According to rising young economist Enrico Moretti, of U.C. Berkeley, we are in the midst of an unprecedented redistribution of jobs, population, and wealth - and a huge shift in the world's centers of innovation - that will only accelerate in the years to come.
Tectonic shifts are reshaping the labor market — from globalization and income inequality to immigration and technological progress — and these shifts are dramatically affecting our communities.
New Innnovation Hubs are emerging - cities with a well-educated labor force and a strong innovation sector. Their workers are among the most productive, creative, and best paid on the planet. At the other extreme are cities once dominated by traditional manufacturing, which are declining rapidly, losing jobs and residents.
In the middle are a number of cities that could go either way - and, for the past 30 years, these differences have been diverging at an accelerating rate. This divergence is one the most important recent developments and is causing growing geographic disparities is all other aspects of our lives, from health and longevity to family stability and political engagement.
But the winners and losers aren’t necessarily who you’d expect. Moretti’s groundbreaking research shows that you don’t have to be a scientist or an engineer to thrive in one of these brain hubs.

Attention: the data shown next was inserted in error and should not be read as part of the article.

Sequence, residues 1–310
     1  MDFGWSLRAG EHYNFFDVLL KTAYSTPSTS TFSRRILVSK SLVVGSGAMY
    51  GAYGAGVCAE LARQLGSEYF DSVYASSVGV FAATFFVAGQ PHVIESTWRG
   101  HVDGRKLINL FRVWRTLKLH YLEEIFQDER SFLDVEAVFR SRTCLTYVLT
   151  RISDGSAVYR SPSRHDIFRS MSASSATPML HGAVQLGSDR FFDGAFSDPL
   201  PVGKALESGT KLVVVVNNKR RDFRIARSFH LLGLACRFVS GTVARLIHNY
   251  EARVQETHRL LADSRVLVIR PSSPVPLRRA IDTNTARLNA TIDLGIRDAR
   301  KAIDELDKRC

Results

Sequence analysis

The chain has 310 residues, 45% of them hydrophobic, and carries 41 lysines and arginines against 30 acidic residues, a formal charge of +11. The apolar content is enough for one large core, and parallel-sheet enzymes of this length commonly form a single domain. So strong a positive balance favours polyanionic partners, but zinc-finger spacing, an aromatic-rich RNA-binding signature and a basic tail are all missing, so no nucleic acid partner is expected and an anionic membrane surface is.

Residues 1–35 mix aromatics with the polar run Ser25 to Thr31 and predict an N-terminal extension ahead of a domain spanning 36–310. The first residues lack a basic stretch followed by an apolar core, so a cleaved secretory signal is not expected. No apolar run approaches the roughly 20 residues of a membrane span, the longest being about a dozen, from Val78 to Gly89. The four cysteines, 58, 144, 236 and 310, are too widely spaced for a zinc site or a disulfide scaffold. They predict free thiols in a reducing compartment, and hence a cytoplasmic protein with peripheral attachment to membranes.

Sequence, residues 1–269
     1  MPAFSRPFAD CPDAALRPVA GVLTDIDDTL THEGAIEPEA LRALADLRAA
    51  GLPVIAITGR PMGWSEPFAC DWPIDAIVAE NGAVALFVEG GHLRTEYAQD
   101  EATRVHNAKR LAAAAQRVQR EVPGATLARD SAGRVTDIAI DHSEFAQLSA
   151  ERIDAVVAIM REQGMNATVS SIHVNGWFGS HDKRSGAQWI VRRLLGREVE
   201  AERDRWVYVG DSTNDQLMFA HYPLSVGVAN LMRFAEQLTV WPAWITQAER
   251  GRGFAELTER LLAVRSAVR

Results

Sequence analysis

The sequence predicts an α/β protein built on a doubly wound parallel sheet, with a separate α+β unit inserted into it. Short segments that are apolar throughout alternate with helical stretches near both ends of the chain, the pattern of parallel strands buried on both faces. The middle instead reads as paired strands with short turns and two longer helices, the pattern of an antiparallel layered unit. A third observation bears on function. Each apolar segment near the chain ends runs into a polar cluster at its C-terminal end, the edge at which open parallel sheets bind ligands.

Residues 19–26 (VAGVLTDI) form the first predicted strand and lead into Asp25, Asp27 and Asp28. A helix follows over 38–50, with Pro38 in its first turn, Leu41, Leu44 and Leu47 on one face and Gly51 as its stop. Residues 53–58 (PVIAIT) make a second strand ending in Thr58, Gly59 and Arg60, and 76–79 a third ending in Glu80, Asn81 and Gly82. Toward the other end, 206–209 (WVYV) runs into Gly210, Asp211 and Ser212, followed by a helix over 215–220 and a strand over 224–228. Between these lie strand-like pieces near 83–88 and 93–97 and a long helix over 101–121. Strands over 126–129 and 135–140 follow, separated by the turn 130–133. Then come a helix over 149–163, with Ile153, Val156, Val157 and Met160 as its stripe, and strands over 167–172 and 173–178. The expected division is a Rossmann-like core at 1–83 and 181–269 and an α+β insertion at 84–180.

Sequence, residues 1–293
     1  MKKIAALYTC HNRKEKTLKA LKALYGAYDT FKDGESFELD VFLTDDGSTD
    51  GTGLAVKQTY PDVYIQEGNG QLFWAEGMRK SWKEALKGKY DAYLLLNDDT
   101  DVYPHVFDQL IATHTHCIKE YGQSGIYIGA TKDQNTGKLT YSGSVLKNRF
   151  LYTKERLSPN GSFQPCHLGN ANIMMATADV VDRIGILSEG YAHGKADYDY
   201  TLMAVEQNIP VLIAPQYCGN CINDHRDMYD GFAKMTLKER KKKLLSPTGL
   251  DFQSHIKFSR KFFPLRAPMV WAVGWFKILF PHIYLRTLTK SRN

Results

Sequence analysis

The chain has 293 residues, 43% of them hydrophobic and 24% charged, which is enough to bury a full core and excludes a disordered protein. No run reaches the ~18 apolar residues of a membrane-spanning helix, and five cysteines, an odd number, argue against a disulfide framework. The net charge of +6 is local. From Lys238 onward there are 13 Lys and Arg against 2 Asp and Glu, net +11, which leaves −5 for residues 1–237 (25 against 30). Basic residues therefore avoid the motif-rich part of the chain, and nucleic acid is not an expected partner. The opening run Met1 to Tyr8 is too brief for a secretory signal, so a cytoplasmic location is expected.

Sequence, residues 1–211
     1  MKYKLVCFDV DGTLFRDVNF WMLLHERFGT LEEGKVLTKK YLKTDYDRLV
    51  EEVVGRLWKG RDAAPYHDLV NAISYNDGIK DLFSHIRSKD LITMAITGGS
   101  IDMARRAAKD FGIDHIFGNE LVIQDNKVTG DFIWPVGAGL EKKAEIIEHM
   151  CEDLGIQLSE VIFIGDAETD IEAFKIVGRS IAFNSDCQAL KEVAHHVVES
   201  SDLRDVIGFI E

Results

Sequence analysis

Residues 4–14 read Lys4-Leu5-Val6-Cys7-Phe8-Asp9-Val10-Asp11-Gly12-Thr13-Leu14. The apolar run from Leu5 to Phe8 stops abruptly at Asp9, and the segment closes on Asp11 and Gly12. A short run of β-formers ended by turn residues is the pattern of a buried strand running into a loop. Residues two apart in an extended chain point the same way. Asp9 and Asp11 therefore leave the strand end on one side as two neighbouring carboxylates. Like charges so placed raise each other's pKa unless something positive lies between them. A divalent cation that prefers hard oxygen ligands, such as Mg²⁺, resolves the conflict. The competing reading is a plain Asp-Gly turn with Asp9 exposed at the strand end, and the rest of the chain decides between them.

In fact, Moretti has shown that for every new innovation job in a city, five additional non-innovation jobs are created, and those workers earn higher salaries than their counterparts in other cities.
It wasn’t supposed to be this way.
As the global economy shifted from manufacturing to innovation, geography was supposed to matter less. But the pundits were wrong. A new map is being drawn — the inevitable result of deep-seated but rarely discussed economic forces.
Julie Ann talks with Moretti about how these trends are reshaping the very fabric of our society - and the effects these innovation shifts will have on you, your work, and your potential going forward.
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